State-By-State High School NIL Laws: Where Can Student-Athletes Be Compensated?

College student-athletes have been starting to find creative ways to monetize their name, image and likeness (NIL) over the last three months after the NCAA Board of Directors suspended its rule limitations on July 1.

For swimmers, this has included the likes of Carson FosterTorri Huske and David Curtiss, to name a few.

But what about high school athletes?

In an article published on Opendorse, a company designed to maximize endorsement value for athletes, the current NIL regulations for high school athletes are broken down state-by-state.

The article first notes the decision made by football player Quinn Ewers in early August, where he opted to forgo his senior season at Carroll Senior High School in Texas to enroll at Ohio State University. One major reason for this decision was the restrictions he faced under Texas State Law, prohibiting any prospective student-athletes from being compensated for their NIL prior to enrolling in college.

Ewers followed up by signing a reported $1.4 million NIL deal after enrolling.


Below is a list of all 50 states, plus Washington, D.C., and their current restrictions, according to Opendorse. For a detailed explanation of each state’s law, check out the article here.

A total of 16 states currently prohibit high school student-athletes from being compensated without question, while only three are confirmed to permit it. The rest are somewhere in between, either up for discussion in the near future or need further clarification.


Only three states are “Confirmed Permitted,” meaning that, under existing bylaws, high school student-athletes have the freedom to monetize their NIL, to “varying degrees.”

  • California
  • Illinois
  • North Dakota


The states listed as “Permitted**” generally say that there hasn’t been any direct confirmation from the administration, and existing amateurism rules don’t clearly address NIL opportunities. Further clarification is needed.

  • Minnesota
  • Utah
  • Vermont
  • Maine


Any state listed “Under Membership Considerations” means that it’s been confirmed that NIL and amateurism rules will be discussed/addressed in upcoming leadership meetings.

  • Alaska
  • Idaho
  • Kansas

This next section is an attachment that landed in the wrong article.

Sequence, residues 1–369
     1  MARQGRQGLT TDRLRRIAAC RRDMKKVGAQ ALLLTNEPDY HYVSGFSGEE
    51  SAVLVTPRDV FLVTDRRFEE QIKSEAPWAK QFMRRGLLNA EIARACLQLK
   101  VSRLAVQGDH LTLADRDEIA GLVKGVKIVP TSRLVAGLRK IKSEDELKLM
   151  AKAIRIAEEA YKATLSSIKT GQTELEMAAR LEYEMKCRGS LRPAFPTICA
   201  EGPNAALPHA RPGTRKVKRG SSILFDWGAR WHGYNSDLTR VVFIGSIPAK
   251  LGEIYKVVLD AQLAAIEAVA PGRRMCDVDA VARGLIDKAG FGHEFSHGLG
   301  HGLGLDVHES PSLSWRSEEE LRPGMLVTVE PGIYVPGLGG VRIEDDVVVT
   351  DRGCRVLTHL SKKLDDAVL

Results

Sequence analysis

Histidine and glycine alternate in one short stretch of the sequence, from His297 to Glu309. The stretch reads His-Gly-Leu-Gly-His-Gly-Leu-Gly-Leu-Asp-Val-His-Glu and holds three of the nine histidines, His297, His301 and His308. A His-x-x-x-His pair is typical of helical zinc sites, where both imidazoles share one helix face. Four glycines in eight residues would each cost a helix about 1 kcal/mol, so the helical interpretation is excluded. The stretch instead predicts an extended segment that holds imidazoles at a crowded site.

• Michigan
  • Nebraska
  • New Jersey
  • New York
  • Ohio
  • Oregon
  • South Dakota
  • Tennessee


In the “Needs Clarity” section, “it appears high school student-athletes under the corresponding association may have the freedom to monetize their NIL, however the rules may only permit certain type of NIL activities.”

  • Arizona
  • Colorado
  • District of Columbia
  • Hawaii
  • Iowa
  • Louisiana
  • New Hampshire
  • Rhode Island
  • South Carolina
  • Washington
  • West Virginia


In these states, it appears high school student-athletes are prohibited from being compensated, but it hasn’t been confirmed.

  • Arkansas
  • Connecticut
  • Florida
  • Indiana
  • New Mexico
  • Oklahoma


In these states, it’s confirmed that high school student-athletes are prohibited from being compensated for their NIL.

  • Alabama
  • Delaware
  • Georgia
  • Kentucky
  • Maryland
  • Massachusetts
  • Mississippi
  • Missouri
  • Montana
  • Nevada
  • North Carolina
  • Pennsylvania
  • Texas
  • Virginia
  • Wisconsin
  • Wyoming

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LaTasha Harbour
1 year ago

I would like to know why Wisconsin High School athletes cannot get NIL deals My son is currently a High School athlete and I found out that he has to wait until he’s in college to obtain a NIL. It would just be nice

2 years ago

Virginia authorized college athletes to receive NIL compensation via provisions in the budget which was adopted August 10, 2021. See

18.a. That no institution or an agent thereof; athletic association; athletic conference; or other organization with authority over intercollegiate athletics shall:

1. Provide a prospective or current student-athlete with compensation for the use of his or her name, image, or likeness;

2. Prohibit or prevent a student-athlete from earning compensation for the use of his or her name, image, or likeness, except as set forth in this subsection;

3. Prohibit or prevent a student-athlete from obtaining professional representation by an athlete agent licensed pursuant to Chapter 5.2 (§ 54.1-526 et seq.) of Title… Read more »

About James Sutherland

James Sutherland

James swam five years at Laurentian University in Sudbury, Ontario, specializing in the 200 free, back and IM. He finished up his collegiate swimming career in 2018, graduating with a bachelor's degree in economics. In 2019 he completed his graduate degree in sports journalism. Prior to going to Laurentian, James swam …

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